As for La Chute du soleil de fer, this was really neat surprise: a YA fantasy (both genres I rarely read), by one of my favorite French authors. There was no way I was going to pass his latest novel, even if it was not in his usual mystery genre. And I am sure glad I took the plunge.
It’s set in Paris in a post-apocalyptic world, with two groups of teenagers and younger children. The adults are all gone. I loved these kids, and the settings, and how they try to make sense of what as survived form our world.
I can’t wait for next volume in the series!

READING CHALLENGES & RECAP

Classics Club: 2/137 (from November 2020-until November 2025)
Japanese Literature Challenge: 9 books read during the challenge + 7 since.

Total of books read in 2020 = 106/110
Number of books added to my TBR this past month = 20

OTHER BOOK I REVIEWED THIS PAST MONTH

Alina_A Song For the Telling

GIVEAWAYS

The open giveaways are on my homepage

And we offer a Book Box!
And monthly raffle with a Newsletter
(see sample with link to sign up)

MOST POPULAR BOOK REVIEW THIS PAST MONTH

Alina_A Song For the Telling

click on the cover to access my review

MOST POPULAR POST THIS PAST MONTH
– NON BOOK REVIEW –

Born a Crime readalong

BOOK BLOG THAT BROUGHT ME MOST TRAFFIC THIS PAST MONTH

Shelf Aware
please go visit, there are a lot of good things there!

TOP COMMENTERS 

Judy at Keep the Wisdom
Deb at Readerbuzz
Karen at Booker Talk

please go and visit them,
they have great book blogs

BLOG MILESTONES 

2,253 posts
over 5,380 followers
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📚

Come back tomorrow
to see the books I plan to read in December,
and some major milestone!!


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How was YOUR month of November?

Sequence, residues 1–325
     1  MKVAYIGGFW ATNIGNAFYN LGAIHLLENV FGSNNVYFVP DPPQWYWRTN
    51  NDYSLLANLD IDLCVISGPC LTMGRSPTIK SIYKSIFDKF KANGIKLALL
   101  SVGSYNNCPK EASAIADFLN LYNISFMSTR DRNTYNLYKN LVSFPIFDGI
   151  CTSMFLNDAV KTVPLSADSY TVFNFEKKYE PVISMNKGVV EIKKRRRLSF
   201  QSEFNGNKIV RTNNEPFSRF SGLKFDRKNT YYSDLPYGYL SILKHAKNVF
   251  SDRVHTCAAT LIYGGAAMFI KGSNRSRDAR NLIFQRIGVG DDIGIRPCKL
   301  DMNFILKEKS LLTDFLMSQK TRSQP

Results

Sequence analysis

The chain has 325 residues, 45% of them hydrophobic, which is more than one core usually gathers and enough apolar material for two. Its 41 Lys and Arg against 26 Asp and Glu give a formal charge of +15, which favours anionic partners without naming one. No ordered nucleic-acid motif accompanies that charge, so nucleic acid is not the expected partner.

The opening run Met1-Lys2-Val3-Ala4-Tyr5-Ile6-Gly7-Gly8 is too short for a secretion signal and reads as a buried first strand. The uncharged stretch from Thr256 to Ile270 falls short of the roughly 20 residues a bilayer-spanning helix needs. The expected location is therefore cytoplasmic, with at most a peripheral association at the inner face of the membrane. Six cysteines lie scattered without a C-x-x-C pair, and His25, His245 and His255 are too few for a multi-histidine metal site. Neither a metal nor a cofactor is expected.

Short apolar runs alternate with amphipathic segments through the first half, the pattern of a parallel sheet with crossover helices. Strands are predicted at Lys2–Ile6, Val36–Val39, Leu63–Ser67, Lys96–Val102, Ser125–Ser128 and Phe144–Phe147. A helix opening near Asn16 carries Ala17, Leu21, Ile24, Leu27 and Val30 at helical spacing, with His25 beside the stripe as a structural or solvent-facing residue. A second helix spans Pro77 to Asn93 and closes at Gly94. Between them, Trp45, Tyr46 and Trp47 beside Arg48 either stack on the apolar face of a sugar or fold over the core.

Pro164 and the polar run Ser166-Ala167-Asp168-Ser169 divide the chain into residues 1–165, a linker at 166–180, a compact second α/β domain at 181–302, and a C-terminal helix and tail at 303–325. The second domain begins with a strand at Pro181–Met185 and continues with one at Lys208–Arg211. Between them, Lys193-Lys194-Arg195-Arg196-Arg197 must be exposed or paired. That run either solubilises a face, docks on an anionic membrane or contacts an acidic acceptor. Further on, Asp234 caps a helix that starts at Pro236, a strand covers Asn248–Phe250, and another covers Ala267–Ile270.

2019-Monthly-Wrap-Up-Round-Up_300

Nicole at Feed Your Fiction Addiction
has created a Month In Review meme
where you can link your monthly recap posts
Thanks Nicole!

The top 8 books to read in November 2020

Here are

The top 8 books
I plan to read in November 2020

Click on the covers to know more

CURRENTLY READING

The Education of Delhomme To Hold Up the Sky

📚 The Education of Delhomme: Chopin, Sand, & la France (Nov 17, 2020), by Nancy Burkhalter
Reading for France Book Tours

Beaulieu Delhomme, a piano tuner, faces the guillotine for committing treason against the newly elected French president due to his part in the bloody worker uprisings in 1848. The one person who could save him from this fate is his former arch-rival, the celebrated author, George Sand. The plot leading to his imprisonment revolves around the triangle of composer Frédéric Chopin, his lover George Sand, and Delhomme, Chopin’s loyal piano tuner. Both Sand and Delhomme compete for the attention of Chopin, who fights a losing battle with tuberculosis. The president’s spymaster uses this triangle to lure cash-strapped Delhomme into exploiting his friendship with Chopin to spy on George Sand, whose fiery rhetoric threatens the new president.
At first, before the uprisings that marked a tumultuous period out of which France’s Second Republic grew, Delhomme favors preserving the status quo because any policy changes might jeopardize his (and Chopin’s) wealthy client base. Sand wields her pen against the oppressive laws and ridicules Delhomme for his views.
Delhomme changes his opinion of the monarchy when he sees how his nephew is abused as an orphan working in a piano factory in industrial London. Delhomme becomes a double agent, paid to spy for the president while secretly working for the resistance. Sand softens her contempt when she discovers that he has switched allegiances and now promotes workers’ rights.
Delhomme is caught working for the resistance, jailed in Paris’ infamous Conciergerie prison, and faces a trial for treason. Even Sand’s testimony is not enough to trump that of the vaunted spymaster, but her fame may be enough to persuade the new president to pardon him.”

📚 To Hold Up the Sky,  (October 20th, 2020) by Cixin Liu
Received for review.
Cixin Liu is the author of the amazing Supernova Era, that’s why I decided to read this one.

“From Cixin Liu, the New York Times bestselling author of The Three-Body ProblemTo Hold Up the Sky is a breathtaking collection of imaginative science fiction.”
It contains 11 short stories.

READING NEXT

La grande escapade Les grands cerfs

The Vexations Flood

📚 La Grande escapade (2019), by Jean-Philippe Blondel
Received for review in 2019!
By a French author I really like, this time, I should finally have time to read it.